Photo: Bill Chaplis (AP)

Ah, casual sports fan: We meet again. The 2018 NBA playoffs begin this afternoon! How the hell will you know what is going on in the games, other than like a bunch of sweaty dudes bouncing a ball and throwing it through a pair of rings, if you don’t have some 10,000 words of preview and analysis to scan past in preparation???

I don’t know. I just know that if I don’t publish this blog, it will be hard for me to account for the last couple hours of my time. And for that reason and no others, let’s take a look at the first-round matchups! We’ll start out west, where the teams are good, instead of doing them in the order the games start, because that would make too much sense.

Houston Rockets (1) vs. Minnesota Timberwolves (8)

Photo: Ronald Cortes (Getty)

When is the first fr*ckin’ game?
Sunday, 9:00 p.m. Eastern, on TNT.

What is the deal with these teams?
I don’t particularly like typing it, because they’re not much fun to watch and I’d prefer the rest of the NBA not copy the let’s-have-our-two-best-players-take-turns-dribbling-for-23-seconds shit their offense lapses into whenever they can’t fly in transition—it’s not particularly telegenic even when the Rockets do it, and most other teams do not have James Harden and Chris Paul on them—but the Rockets were the best team in the league this season. They finished second in offensive rating (112.2); sixth in defensive rating (103.8); first in net rating (plus-8.5); and of course first in the standings, at 65-17. They put a death grip on the West’s top seed what feels like ages ago. They even took two of three in their season series against the Golden State Warriors; beating the Warriors more than once wasn’t quite as impressive a feat this season as in the previous three, but it might be singularly meaningful for the Rockets, who almost certainly will have to get through the Warriors to get to the Finals. They’re damn good, and possibly great.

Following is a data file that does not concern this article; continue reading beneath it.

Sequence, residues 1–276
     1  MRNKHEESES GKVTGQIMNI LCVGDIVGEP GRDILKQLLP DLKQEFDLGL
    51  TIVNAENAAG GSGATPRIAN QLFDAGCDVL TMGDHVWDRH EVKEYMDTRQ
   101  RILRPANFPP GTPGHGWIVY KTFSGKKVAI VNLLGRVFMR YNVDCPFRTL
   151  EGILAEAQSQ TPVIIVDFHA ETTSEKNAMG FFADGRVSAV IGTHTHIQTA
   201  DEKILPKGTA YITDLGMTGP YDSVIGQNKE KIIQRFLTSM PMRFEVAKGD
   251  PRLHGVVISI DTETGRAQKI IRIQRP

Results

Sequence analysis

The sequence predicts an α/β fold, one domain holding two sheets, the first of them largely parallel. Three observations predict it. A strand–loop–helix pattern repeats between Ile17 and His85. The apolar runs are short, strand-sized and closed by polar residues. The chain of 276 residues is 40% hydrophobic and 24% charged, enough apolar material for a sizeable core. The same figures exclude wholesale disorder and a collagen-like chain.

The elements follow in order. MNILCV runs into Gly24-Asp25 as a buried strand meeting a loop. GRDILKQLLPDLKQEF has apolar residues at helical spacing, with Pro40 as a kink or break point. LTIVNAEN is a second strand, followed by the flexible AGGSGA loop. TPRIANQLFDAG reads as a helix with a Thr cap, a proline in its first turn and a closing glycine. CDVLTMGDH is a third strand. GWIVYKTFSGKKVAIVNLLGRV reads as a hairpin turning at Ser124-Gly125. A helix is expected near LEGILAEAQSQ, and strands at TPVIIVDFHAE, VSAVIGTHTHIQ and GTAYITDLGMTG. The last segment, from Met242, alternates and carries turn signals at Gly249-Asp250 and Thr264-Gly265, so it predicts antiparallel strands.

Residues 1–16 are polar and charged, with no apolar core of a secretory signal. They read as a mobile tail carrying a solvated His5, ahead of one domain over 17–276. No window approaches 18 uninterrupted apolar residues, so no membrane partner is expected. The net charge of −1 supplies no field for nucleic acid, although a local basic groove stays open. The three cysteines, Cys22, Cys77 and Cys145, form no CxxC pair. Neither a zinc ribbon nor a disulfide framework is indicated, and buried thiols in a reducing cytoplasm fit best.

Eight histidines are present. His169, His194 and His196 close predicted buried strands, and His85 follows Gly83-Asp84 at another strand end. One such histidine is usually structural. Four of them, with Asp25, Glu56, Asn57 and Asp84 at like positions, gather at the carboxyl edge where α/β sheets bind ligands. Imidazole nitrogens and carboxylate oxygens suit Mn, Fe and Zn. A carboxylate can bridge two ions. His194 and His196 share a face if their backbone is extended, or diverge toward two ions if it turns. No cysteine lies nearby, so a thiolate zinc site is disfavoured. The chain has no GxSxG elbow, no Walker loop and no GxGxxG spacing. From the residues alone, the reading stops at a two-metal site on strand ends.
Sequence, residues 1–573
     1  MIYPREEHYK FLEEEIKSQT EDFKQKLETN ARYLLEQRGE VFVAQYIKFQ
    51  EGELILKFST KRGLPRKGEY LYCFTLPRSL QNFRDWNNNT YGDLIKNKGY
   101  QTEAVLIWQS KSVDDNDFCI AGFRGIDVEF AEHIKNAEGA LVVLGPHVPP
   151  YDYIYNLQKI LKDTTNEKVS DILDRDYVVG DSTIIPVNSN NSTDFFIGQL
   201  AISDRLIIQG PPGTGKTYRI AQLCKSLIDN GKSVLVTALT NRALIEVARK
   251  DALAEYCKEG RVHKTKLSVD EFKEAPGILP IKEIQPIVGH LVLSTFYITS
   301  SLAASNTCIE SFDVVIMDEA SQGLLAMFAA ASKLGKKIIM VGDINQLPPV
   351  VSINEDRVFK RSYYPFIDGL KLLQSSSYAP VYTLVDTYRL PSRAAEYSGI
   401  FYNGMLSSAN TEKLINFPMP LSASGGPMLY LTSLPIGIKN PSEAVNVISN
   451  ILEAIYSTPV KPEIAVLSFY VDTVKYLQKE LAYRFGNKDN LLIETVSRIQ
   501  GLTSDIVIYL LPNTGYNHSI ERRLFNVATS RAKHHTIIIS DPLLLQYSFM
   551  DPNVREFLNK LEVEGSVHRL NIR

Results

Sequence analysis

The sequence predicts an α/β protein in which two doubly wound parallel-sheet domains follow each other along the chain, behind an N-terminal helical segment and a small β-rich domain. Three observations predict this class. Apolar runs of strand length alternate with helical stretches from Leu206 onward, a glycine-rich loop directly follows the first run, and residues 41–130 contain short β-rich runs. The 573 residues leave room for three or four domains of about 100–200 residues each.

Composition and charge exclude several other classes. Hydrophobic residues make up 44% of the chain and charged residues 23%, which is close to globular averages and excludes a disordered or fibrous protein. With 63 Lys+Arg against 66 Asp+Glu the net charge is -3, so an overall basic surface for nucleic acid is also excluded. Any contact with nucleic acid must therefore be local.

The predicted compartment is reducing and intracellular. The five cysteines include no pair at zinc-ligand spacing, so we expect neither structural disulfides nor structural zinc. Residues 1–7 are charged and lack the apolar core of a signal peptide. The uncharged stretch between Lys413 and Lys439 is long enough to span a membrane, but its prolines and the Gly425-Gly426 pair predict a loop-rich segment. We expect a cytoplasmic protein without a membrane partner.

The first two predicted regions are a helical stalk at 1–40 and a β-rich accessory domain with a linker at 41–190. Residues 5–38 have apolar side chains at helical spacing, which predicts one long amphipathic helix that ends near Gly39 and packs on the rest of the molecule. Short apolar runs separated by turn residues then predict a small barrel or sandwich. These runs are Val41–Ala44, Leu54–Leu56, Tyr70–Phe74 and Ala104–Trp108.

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The Timberwolves, by contrast, are just regular good. Riding their starting five to death in the manner of all Tom Thibodeau-coached teams, they both made the playoffs for the first time since 2004 and made that a lot harder than it needed to be, as plainly visible exhaustion killed them in what sure felt like an absurd number of fourth quarters, and then a February knee injury to Jimmy Butler forced them to rely more on reserves who’d been gathering cobwebs to that point. And so they are the eighth seed instead of, say, the fourth.

Who are the important men?
This series features a lot of cool and important basketball men, Chris Paul and Jimmy Butler and Karl-Anthony Towns and Clint Capela and even maybe Andrew Wiggins sorta, but really the only guy who matters here is assumptive MVP James Harden, who will not slough off his well-earned reputation for weird-ass postseason meltdowns unless and until he hoists the championship trophy, and maybe not even then unless he add a Finals MVP trophy to go with it. Harden was the big show in the league this season—not because he finally dedicated himself to playing defense, ha ha, hell no, but because he unlocked God Mode at the other end of the court. He’s ridiculous.

I’m not sure I know exactly how to thread the needle on this description, but over the past two seasons Harden has reached a level of... completeness? ...as an on-the-ball offensive player that I think surpasses anybody I’ve ever watched. That’s certainly not the same thing as saying he’s the best or deadliest offensive player, I think, or anyway that’s not how I mean it. Like by contrast, Peak Steph Curry, on the ball or off, warps the floor like nobody else in history and can tilt the action overwhelmingly in his team’s favor even while barely ever touching the ball; Harden needs the ball in his hands to have that kind of impact, and tends to stand around when he doesn’t have it. But his suite of skills, when he does have the ball, is mind-boggling. He can do all the stuff, including stuff immortals like LeBron James and Michael Jordan mostly couldn’t or didn’t do, and then also some more stuff that usually isn’t included in the list of stuff—because pretty much nobody but James Harden can do it or would ever even want to—and he does it all with ludicrous ease and outrageous efficiency.